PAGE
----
Noted ’60s psychologist Timothy Leary once counseled a generation of gullible youths to “turn on, tune in and drop out.” I say, “Turn off the negative self talk and disinterested attitude, tune into life and drop the video game controller along with the ear buds”; there are a lot of positive things to get excited about in this world.
Once when I was painting out in a field near my home I was startled by a young couple who were pushing their small child in a stroller; they stopped to literally applaud what I was doing. When I asked why they were clapping, they said it was nice to see someone doing something real for a change. Their cryptic reference to the world of virtual reality had an impact on my comments today.
In another life experience, when I was in college I used to earn extra money for tuition by painting houses on the weekends and in the summer. This was a practice I even used after I got married to bring home some extra cash. I remember a contractor once commenting to me that since we had to be there for eight hours anyway, it was better that we gave it our all, than to go through the motions waiting for the 5 o’clock whistle to blow. That’s another tidbit I picked up that has stuck and grown into a philosophy about life.
I suppose by now, some of my readers are a little disappointed, hoping that I would get to the real meat of the subject, learning to paint. But, in a way, I think I have done that. If I can inspire someone to put a little more dedication into their work and make what they do an important aspect of their experience, I will have succeeded in helping someone on their journey to better painting.
In closing let me just give a few tips on learning to paint: Study from the best; be willing to devote time, energy and money pursuing your goal. Practice, practice, practice and study good paintings in museums and galleries. Invest in a good art magazine or two. Read books on the subject and get hooked up with other artists who share your goal. Go out often, painting and drawing from life. Take a trip to a museum and get permission to paint from one of your favorite masterworks. Take classes from good artists wherever you can find them; some of the best classes I have had were through local art associations who had the nerve to invite famous, and not so famous artists to put on a workshop. Do something “arty” every day, even if you only have five minutes to spare looking at a painting in a magazine. Lastly, be motivated and believe you can do it, don’t spend time spinning your wheels or whining about failures. Be willing to paint over or toss paintings that didn’t turn out, it’s all part of the process. Be sure to learn from every mistake you make, these really are your friends; turn weak things into strengths! Above all, enjoy what you are doing and share what you know with others, you’ll be surprised at your growth, both in painting and in life!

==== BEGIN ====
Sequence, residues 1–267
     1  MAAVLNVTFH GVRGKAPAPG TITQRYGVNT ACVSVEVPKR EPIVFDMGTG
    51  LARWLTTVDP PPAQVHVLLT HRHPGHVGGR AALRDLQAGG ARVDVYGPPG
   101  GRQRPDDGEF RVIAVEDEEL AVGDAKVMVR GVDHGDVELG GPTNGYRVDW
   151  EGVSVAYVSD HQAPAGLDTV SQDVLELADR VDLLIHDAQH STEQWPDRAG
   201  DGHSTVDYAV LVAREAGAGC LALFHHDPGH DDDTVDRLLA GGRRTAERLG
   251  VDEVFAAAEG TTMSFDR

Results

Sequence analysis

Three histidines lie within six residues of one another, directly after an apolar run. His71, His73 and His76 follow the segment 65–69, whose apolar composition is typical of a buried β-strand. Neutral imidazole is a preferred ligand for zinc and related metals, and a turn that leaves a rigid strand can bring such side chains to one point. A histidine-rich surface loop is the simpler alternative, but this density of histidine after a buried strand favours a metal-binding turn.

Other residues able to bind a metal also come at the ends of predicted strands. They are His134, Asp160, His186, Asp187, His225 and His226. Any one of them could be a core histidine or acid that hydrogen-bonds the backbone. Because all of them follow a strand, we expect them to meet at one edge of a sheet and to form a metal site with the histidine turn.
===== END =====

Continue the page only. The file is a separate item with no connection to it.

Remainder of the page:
An award-winning artist and teacher who has been painting the landscape both in and out of the studio since 1983, John Hughes maintains a studio in Taylorsville and teaches students in private workshops and in a course at Salt Lake Community College.